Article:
“Statistics
is boring! I can prove it to you!” I sometimes declare in statistics classes that I teach. I do that in order to make the class lively. As proof, I ask the
class to name a famous physicist (Einstein's name comes up every time), a famous biologist
(Darwin's name comes up every time), and so on. I finally, ask them to name a famous
statistician. This is usually greeted with silence, laughter, and the
inevitable smart aleck response, “Shashi.” Statistics has no celebrities to boast of? It must be boring! Is it really? I proceed to challenge the class
with “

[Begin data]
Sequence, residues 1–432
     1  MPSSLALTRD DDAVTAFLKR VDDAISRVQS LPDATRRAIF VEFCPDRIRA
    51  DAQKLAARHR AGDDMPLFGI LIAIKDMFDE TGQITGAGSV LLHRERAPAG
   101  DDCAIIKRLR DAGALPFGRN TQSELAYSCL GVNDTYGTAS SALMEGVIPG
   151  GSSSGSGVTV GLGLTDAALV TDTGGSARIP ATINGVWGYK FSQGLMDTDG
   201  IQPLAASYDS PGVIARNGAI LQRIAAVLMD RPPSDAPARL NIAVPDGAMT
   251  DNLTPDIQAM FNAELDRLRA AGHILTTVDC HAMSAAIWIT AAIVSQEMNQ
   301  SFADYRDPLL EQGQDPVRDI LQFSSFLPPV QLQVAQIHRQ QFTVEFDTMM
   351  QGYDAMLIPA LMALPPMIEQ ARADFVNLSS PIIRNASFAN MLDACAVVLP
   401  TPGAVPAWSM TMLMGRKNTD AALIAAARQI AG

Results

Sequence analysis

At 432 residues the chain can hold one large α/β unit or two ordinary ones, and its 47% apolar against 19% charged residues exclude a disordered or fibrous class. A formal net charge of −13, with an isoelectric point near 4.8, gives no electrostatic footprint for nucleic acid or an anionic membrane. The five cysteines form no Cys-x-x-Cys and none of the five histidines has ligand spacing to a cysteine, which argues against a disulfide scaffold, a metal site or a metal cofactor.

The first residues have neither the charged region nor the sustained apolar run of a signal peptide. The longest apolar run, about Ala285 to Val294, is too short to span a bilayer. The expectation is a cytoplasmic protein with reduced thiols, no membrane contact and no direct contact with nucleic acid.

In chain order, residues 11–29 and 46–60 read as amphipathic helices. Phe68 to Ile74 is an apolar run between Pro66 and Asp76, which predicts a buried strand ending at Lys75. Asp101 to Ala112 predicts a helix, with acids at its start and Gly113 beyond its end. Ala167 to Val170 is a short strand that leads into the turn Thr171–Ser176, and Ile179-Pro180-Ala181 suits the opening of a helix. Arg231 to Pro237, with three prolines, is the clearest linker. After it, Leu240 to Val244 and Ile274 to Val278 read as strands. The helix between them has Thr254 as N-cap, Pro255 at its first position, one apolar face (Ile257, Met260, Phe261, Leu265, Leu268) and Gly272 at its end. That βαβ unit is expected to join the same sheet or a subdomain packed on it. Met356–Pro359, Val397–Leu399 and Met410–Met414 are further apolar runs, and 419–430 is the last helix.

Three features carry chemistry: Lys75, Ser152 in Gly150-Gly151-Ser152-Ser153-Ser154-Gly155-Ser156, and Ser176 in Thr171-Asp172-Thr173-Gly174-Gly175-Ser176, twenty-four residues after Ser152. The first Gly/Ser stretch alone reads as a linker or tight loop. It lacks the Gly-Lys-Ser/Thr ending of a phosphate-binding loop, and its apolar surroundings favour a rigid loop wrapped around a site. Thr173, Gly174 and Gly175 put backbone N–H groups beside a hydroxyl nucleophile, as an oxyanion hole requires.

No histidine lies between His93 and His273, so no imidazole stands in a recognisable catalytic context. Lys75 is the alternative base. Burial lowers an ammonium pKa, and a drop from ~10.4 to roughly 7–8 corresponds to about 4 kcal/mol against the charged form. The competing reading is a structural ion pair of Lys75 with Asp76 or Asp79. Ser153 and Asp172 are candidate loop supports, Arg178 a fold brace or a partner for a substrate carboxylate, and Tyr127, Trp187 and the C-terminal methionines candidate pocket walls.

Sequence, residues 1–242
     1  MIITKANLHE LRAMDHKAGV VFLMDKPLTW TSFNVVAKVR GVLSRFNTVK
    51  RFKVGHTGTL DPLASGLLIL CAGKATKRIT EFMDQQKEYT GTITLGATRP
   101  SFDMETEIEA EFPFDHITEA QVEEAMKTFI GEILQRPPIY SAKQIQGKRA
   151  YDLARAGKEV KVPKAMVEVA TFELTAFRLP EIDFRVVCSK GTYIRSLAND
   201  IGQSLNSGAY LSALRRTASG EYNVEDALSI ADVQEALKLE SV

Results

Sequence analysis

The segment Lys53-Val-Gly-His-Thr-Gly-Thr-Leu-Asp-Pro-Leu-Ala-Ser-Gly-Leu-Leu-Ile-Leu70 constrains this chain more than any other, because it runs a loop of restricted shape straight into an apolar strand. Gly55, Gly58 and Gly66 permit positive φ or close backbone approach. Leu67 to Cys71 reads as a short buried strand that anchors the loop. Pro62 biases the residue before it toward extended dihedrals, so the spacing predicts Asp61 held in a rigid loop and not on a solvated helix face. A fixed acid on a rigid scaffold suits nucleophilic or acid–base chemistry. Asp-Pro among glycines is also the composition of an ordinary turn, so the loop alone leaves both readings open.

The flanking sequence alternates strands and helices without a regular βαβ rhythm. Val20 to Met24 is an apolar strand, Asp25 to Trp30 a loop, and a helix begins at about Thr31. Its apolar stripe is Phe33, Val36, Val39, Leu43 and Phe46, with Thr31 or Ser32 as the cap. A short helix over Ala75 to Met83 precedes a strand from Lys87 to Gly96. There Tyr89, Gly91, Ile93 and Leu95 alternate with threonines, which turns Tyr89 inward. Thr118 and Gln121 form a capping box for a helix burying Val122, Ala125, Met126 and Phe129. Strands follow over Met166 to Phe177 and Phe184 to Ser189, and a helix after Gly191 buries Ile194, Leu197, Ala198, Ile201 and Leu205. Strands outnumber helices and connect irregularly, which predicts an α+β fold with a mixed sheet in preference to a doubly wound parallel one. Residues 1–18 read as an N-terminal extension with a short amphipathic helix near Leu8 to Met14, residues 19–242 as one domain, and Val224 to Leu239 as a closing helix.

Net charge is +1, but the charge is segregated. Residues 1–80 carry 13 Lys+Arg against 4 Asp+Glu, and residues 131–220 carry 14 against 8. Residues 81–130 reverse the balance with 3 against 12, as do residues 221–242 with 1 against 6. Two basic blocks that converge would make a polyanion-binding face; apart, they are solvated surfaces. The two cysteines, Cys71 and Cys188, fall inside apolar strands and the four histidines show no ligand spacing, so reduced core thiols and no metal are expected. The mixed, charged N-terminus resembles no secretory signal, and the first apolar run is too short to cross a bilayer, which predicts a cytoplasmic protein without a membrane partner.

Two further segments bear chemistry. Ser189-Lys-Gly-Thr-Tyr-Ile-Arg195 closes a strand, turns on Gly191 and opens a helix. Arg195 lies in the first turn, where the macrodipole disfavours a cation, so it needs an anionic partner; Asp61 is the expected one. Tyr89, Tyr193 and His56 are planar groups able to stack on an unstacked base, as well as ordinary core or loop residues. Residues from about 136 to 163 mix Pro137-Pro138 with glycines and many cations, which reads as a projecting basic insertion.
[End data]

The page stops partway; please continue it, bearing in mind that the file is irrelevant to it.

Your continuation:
*I bet you**definitely**know the name of a famous and pioneering statistician.*” This is indeed true, but the class has to wait till the end of the day to know who it is.
I often try
to make up simple experiments to help the class realize that statistics is
merely common sense quantified. Sadly, this is not the message most people take
away from statistics classes or training that they might have endured. So, I
was quite struck by the uniqueness of the Prudential commercial demonstrating statistics in an interactive way. In this commercial, filmed at a park in
Austin, Texas, a group of 400 people were asked the question “

*How old is the oldest person**you've**ever known?*” Each person was given a blue dot and asked to stick it on a 1,100-square-foot wall, lined up with the age of that person. The results, and the way the results develop into a neat histogram, are striking.A participant in Prudential's commercial adds her sticker. The final array of stickers is on the right. |